To judge only by cable news, the debt problem that the United States is facing threatens to destroy the entire universe RIGHT AFTER THE COMMERCIAL BREAK. But how bad is it, in historical context? And, more importantly, what's driving the debt?
The talented folks at Elefint Designs sent us a rather detailed chart that attempts to tease some of these questions apart. And perhaps the most surprising thing is that we're actually starting to bend the curve of debt growth.
As you can see in the chart above, the debt is in fact at levels not too far off their historical highs, which resulted from the cost of World War II. (And in that time period, it was the great economic boom of the 1950s which swelled the amount of taxes collected by the government — and in turn helped us out from under the debt.)
But the most surprising thing is revealed in the very tail end of that chart, which represents the last couple of years:
The debt growth is actually slowing — which is the precise opposite of what you'd expect if you're listening to all the screaming cable-news morons. We're not in a good place by any means, and the debt isn't going down quite yet — but we're no longer seeing hockey-stick growth.
What the graph doesn't quite flesh out is how the debt got to be so bad. The short answer? The wars started by President George W. Bush and his tax-cuts for Americans making over $250,000 a year. All of this is laid out rather brilliantly in this chart from The New York Times:
Winding down those wars and those tax cuts does indeed look like the smartest thing we could do to begin addressing the debt — after all, they were the two things that we just did to create this debt. If this is truly the most pressing issue in the land — as the GOP would have you believe — why wouldn't you simply undo them?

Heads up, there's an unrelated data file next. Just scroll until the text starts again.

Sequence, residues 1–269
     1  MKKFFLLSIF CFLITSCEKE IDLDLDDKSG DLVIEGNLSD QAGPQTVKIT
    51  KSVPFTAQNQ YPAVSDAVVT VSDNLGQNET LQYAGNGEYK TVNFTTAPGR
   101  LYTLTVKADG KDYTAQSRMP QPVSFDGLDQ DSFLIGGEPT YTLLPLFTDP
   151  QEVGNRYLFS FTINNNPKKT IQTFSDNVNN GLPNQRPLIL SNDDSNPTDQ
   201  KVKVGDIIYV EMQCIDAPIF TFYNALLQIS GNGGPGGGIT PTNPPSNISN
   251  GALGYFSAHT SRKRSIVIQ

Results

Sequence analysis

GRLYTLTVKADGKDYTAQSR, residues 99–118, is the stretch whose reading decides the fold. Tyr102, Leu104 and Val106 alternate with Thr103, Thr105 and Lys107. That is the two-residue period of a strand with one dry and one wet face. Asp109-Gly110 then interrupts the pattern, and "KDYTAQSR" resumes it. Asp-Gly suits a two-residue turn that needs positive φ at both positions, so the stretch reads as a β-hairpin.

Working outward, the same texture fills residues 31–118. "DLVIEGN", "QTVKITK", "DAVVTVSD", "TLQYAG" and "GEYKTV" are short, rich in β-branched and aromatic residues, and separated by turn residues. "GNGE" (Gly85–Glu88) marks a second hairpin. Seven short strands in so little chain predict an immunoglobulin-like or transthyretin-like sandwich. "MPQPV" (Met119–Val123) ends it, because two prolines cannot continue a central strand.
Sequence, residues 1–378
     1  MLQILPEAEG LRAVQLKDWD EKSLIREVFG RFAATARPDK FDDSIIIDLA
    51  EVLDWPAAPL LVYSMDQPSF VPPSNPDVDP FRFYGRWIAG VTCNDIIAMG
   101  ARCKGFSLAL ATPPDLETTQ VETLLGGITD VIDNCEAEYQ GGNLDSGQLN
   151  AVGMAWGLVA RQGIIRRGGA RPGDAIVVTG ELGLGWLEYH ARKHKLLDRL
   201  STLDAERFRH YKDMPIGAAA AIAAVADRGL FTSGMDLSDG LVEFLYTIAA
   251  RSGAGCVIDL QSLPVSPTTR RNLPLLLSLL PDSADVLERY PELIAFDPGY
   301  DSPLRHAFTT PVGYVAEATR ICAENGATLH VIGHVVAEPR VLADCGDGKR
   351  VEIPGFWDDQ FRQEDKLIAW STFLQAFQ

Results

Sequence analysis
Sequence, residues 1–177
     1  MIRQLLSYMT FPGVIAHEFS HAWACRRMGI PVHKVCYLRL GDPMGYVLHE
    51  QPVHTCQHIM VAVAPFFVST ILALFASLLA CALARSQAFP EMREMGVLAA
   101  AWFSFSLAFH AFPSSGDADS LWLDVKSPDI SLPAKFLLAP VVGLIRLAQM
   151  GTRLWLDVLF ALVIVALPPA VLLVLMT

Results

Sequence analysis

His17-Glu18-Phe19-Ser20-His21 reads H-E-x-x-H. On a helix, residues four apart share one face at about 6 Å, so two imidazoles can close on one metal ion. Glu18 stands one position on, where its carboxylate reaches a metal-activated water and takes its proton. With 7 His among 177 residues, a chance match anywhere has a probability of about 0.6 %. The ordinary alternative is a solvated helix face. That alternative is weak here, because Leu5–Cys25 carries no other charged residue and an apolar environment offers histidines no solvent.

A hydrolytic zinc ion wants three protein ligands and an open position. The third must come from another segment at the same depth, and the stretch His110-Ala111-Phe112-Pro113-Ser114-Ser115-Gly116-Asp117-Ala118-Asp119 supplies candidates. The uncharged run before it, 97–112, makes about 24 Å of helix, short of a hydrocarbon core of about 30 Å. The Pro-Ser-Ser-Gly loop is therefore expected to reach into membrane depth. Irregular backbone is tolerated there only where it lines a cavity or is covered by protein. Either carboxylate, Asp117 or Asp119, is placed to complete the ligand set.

But it's a truly bizarre thing that we almost never hear about any of this: Washington has been very happy to have a food fight involving Social Security and Medicare reforms which will never happen. (Here, both political parties here have been equally bad, with the Republicans proposing extraordinary cuts and the Democrats usually insisting on no cuts whatsoever. On the tax cuts, Republicans have been happy to say that they're "just" responsible for $700 billion in lost revenue.)
If you were looking to blame President Obama for something, it would be this: He folded like a leaf during the debate over extending the Bush tax cuts for the top 2% of income earners. And that eliminated his administration's only real chance to raise revenues — and his own best chance to say that he was dealing seriously with the budget shortfalls we're experiencing.
Washington's lack of seriousness about the problem looks incredible when you see these charts. And there's plenty of blame to spread among both parties.